Most piston proponents will point to the "sand reliability test", where in the worst possible conditions for the weakness of the Stoner Gas System design, the AR15 fared about a half-percent more likely to have some form of stoppage, which is beyond the full ammo load of a soldier. Moot point, totally.

This is "all sizzle and no steak".
You MIGHT gain some infinitesimally small advantage in stoppages, IF you fire the gun without lubing for more than 300 rounds without stopping, in a sandblast cabinet, compared against the SCAR or latest XM8.
There is NO WAY that can be extrapolated to mean that any piston system that you slop into the gun will be any advantage. In some cases shown on some threads on this board, some piston conversions can't even make 1000 rounds before it mechanically breaks, which is ironic when you are buying it to get supposedly improved reliability.
And you will definitely lose accuracy and controllability in normal conditions, whether you want to admit it or not.
And you will pay a lot more money.
And you'll have unnecessary wear on other parts that people don't talk about, from stuff like carrier tilt.

Here's the facts. In almost every military trial on the globe over 40 years time, there has been nothing that could consistently beat the AR15 in an all-out head-to-head competition. And all the competitors have been overhead piston operated guns.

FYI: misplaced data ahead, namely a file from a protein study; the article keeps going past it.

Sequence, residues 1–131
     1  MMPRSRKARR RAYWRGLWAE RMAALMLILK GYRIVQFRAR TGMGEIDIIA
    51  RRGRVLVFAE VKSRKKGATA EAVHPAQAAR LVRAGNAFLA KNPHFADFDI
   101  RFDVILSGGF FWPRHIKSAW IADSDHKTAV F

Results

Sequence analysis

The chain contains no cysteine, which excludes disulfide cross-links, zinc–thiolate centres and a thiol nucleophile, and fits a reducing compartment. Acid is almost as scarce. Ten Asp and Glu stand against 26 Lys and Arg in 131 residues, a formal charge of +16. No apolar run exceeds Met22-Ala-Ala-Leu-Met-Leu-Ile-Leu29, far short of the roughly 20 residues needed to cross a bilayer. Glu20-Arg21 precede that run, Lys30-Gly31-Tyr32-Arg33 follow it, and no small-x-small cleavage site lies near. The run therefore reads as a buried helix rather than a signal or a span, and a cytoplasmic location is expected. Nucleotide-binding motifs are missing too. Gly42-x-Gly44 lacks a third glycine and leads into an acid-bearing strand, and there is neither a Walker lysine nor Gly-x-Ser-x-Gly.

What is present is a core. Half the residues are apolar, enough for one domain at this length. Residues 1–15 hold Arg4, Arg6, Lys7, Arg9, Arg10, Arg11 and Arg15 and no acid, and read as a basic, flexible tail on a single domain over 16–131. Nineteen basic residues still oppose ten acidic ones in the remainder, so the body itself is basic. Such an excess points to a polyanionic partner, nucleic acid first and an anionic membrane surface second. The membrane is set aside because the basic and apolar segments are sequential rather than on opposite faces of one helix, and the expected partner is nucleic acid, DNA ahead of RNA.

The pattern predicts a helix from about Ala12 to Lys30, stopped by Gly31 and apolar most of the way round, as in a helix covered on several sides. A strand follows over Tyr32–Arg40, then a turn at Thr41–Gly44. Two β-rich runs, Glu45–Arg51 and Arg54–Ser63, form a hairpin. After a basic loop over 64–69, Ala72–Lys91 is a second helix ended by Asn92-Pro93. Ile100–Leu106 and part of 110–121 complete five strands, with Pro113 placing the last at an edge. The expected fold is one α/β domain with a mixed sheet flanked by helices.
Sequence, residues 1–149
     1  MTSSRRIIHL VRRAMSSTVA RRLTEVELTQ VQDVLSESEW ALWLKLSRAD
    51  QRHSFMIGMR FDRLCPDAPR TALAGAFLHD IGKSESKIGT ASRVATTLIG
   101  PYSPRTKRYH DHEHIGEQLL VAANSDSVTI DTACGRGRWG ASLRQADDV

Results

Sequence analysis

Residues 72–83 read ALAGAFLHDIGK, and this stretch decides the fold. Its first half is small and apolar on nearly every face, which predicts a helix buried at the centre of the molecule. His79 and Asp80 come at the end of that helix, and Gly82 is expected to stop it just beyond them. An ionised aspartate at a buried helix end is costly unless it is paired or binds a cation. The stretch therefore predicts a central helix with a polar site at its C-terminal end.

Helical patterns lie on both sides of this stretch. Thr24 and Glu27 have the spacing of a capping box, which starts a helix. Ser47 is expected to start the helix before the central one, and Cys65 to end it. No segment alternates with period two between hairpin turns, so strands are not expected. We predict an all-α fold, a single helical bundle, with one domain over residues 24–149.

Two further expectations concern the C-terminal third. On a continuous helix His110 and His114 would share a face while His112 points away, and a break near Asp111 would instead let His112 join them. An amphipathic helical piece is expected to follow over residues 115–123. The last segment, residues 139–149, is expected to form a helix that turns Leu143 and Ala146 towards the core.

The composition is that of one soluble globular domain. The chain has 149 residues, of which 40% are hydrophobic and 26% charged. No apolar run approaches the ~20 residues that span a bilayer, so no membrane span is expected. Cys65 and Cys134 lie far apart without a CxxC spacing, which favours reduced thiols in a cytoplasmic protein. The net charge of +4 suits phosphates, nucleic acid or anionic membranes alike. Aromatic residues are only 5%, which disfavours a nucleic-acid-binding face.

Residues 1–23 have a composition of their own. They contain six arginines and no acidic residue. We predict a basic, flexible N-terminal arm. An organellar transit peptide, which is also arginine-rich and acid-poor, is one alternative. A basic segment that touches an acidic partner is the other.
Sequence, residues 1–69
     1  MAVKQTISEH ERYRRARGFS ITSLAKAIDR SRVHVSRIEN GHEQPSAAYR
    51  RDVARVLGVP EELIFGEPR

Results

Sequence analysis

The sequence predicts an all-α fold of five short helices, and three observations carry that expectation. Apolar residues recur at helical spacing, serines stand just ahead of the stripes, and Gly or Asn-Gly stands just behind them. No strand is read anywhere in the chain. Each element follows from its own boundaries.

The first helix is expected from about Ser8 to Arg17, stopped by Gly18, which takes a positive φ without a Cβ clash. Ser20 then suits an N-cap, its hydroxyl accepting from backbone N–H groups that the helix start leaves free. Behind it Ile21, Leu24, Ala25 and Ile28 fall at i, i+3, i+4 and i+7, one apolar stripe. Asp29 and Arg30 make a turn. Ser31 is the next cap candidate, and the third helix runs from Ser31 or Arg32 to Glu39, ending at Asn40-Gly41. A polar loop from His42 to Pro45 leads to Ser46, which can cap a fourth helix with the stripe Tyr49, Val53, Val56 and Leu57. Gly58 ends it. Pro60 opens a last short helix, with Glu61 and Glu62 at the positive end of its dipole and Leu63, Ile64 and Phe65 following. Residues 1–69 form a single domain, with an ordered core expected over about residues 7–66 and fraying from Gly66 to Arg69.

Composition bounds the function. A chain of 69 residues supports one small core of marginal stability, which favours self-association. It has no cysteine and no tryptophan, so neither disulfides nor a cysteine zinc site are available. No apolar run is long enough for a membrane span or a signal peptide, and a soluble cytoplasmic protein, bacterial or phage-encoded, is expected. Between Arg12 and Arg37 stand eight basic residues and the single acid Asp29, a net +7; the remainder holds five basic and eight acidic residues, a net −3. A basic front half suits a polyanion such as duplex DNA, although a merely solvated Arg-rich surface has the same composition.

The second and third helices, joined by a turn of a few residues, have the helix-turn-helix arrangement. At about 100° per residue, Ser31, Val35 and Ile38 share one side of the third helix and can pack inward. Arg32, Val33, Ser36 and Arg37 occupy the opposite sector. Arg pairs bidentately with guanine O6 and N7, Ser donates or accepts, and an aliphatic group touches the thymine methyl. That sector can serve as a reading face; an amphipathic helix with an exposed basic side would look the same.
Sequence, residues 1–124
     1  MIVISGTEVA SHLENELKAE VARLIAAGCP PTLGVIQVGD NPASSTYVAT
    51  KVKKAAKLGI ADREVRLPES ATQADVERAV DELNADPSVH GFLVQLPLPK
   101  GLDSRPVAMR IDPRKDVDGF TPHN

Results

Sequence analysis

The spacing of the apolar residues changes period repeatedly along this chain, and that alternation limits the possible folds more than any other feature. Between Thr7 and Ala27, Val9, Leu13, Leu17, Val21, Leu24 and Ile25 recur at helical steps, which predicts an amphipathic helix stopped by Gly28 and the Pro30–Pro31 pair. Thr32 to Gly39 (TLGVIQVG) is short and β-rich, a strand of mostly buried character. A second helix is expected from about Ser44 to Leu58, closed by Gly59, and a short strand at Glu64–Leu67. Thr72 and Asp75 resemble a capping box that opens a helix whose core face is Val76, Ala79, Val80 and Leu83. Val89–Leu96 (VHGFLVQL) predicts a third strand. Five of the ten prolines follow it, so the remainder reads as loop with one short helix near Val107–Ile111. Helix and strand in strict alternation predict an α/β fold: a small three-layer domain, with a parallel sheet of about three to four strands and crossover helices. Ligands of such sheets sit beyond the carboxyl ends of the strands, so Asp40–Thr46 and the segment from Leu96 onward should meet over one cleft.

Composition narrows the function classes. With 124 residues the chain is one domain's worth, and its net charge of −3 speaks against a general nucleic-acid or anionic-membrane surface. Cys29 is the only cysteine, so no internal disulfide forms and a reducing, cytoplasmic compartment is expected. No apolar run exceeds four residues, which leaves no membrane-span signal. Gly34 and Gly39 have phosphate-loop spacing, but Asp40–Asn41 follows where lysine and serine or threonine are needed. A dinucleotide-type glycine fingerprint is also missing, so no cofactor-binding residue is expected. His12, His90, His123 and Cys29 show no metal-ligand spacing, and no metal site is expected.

Even right up to this very moment, there is nothing that can beat an AR15 in all the necessary categories to win out. Nothing. Not the SCAR. Not the HK416. Not the XM8. Nothing.
You have to try to tilt the field in a direction which "weights" the one area of AR15 weakness(high round count sand-cabinet test), in order for ANYTHING else to beat it . And even then, when you do everything possible to put it at its most vulnerable disadvantage, you can only get a half-percent better IN ONE AREA, and THAT'S ALL. And it was CLEAR, that the major amount of stoppages for the AR15 were "stacked up" after everybody knew it was going to need lube after that round count, and it wasn't lubed, so there you go. If it was lubed on schedule, then it would have not even shown a disadvantage in that area.

Now, to be fair, everybody can buy what they want. It's a free country, and there are many nice guns out there.
It doesn't have to be "better than an AR" to be a very nice gun.
But, it seems that there are some who can't sit for that. They MUST find some reason that what "they want" is BETTER THAN AN AR. And that might be possible, but it hasn't happened yet. When it does, we'll all know about it.
Edit to add:

There is another advantage to a piston. Gas in the face which is especially troublesome if you shoot with a suppressor (which I do) but it can easily be cured with a PRI gas buster or about a nickles worth of silicon caulking.
 

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Ok, here is the short of it. Some of the manufacturers out there have gone away from true Mil-Spec. This causes reliability issues especially when dirty. A great way to solve those issues are to go to a piston opperated system. The other fix is to have a Mil-Spec weapon. So really the piston is to fix a quality control issue and not an inherant problem with the weapon itself.
 

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Discussion Starter · #6 ·
Thanks for the explanation. Everything that I have read has painted the gas piston as the “golden boy” AR “fix.” The interesting thing is that there is no active marketing argument (that I have found) in favor of gas operation other than the fact that gas operated ARs dominate the market.